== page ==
Efforts To Prevent Voter Fraud Draw Scrutiny There are always concerns about voter fraud on Election Day, but this year many new groups are popping up to keep an eye on the polls. That, in turn, has some people worried that legitimate voters will be intimidated and discouraged from voting.
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Efforts To Prevent Voter Fraud Draw Scrutiny

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Efforts To Prevent Voter Fraud Draw Scrutiny

Efforts To Prevent Voter Fraud Draw Scrutiny

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Now, as election time nears, we can expect more talk about voter fraud. Many new groups are monitoring the polls this year looking for fraud, although some of their critics wonder if they're going to intimidate or discourage legitimate voters.

NPR's Pam Fessler reports.

PAM FESSLER: Along with all the other campaign ads we'll hear this week, voters in Minnesota's Twin Cities are being treated to this provocative radio ad.

(Soundbite of ad)

Unidentified Man: Vinnie here with an important message for any of you's thinking about cheating in this November's election. Forget about it. You see, there's this new group called ElectionIntegrityWatch.com...

FESSLER: And, the ad goes on to warn, the group's been training thousands of citizens to set up surveillance teams outside polling places to look for voter fraud. It's even offering a $500 reward for information leading to convictions.

Mr. DAN McGRATH (Executive Director, Minnesota Majority): We're just concerned about the integrity in our election process.

FESSLER: Dan McGrath is executive director of Minnesota Majority, a conservative watchdog group that alleges that past elections in the state have been marred by fraudulent votes.

Mr. McGRATH: We want to know that our vote counts, fairly, and that someone else's ineligible vote isn't diluting it.

FESSLER: So his group has teamed up with several others, including the North Star Tea Party Patriots, to launch the poll-watching campaign. And it's not the only effort of its kind this year. Dozens of billboards have gone up in the Milwaukee area showing people behind bars and warning that voter fraud is a felony.

In Houston, a group called the King Street Patriots has launched a ballot-integrity campaign called True the Vote, which has already led to allegations of intimidation during early voting.

Ms. WENDY WEISER (New York University Law School): We are seeing trainings cropping up in states across the country of ordinary citizens to challenge voters, to serve as poll watchers.

FESSLER: Wendy Weiser is with the Brennan Center for Justice at NYU Law School, which is monitoring the efforts.

Ms. WEISER: We're seeing calls for people to go to the polls and look out for voter fraud, and we're seeing it to a degree that we haven't seen in years.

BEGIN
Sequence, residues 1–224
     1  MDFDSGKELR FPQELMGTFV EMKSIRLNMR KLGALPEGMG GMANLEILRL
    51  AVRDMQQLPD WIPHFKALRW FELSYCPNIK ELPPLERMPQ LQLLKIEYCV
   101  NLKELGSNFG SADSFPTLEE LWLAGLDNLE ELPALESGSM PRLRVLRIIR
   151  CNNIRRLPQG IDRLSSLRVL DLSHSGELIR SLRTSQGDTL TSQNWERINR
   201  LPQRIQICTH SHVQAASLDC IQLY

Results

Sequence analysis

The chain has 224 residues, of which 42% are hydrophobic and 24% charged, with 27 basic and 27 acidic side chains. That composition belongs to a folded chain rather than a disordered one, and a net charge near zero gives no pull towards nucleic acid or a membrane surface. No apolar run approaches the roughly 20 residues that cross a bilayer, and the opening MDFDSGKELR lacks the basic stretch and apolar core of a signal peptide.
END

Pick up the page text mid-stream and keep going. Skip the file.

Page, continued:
FESSLER: And she says the campaigns appear to be based on fears that most election experts think are overblown, that in fact there are few cases of illegitimate voters who cast ballots.

Still, the issue has become a political flashpoint, especially when elections are tight. And Weiser says she's concerned that many of this year's efforts are led by ad hoc citizens groups that might be unfamiliar with laws intended to protect legitimate voters.

Ms. WEISER: Then it makes it harder to monitor and to reign in ballot security operations that go awry.

FESSLER: And that's exactly what Democrats say they are trying to do in Harris County, Texas, where Houston is located. They filed a suit against the King Street Patriots, alleging that theirs is really a Republican-backed effort to suppress the Democratic vote. Chad Dunn, general counsel for the Texas Democratic Party, says the most aggressive poll-watching in early voting has been at African-American and Latino precincts, which lean Democratic.

Mr. CHAD DUNN (General Counsel, Texas Democratic Party): These poll watchers would follow a voter after they were checked in, hover behind them, try to look over their shoulder as they're voting. Sometimes misinformation was being provided to voters in terms of how they could vote or where they could vote.

FESSLER: And now the county attorney's office and the U.S. Justice Department are investigating, although no charges have been filed. Still, tensions are high, and the county attorney is recommending that election officials put tape on the floor to separate poll watchers and voters.

Kelly Shackelford is president of the Liberty Institute, a legal group defending the King Street Patriots. He says if there's any intimidating going on, it's against those who are trying to keep elections honest.

Mr. KELLY SHACKELFORD (Liberty Institute): These are citizens who just wanted to get involved and things like poll watching and turning in information on voter registration rolls should be fairly unremarkable. I think the thing that is remarkable is that they're coming under attack because some people don't like that they're actually getting involved.

FESSLER: And he thinks Democrats have an ulterior motive - that they're using the threat of intimidation to rile up the base and boost turnout. Shackelford says True the Vote has no intention of violating the law.

Weiser, of the Brennan Center, says her group and others will be watching the poll watchers closely just to be sure. �

Pam Fessler, NPR News.

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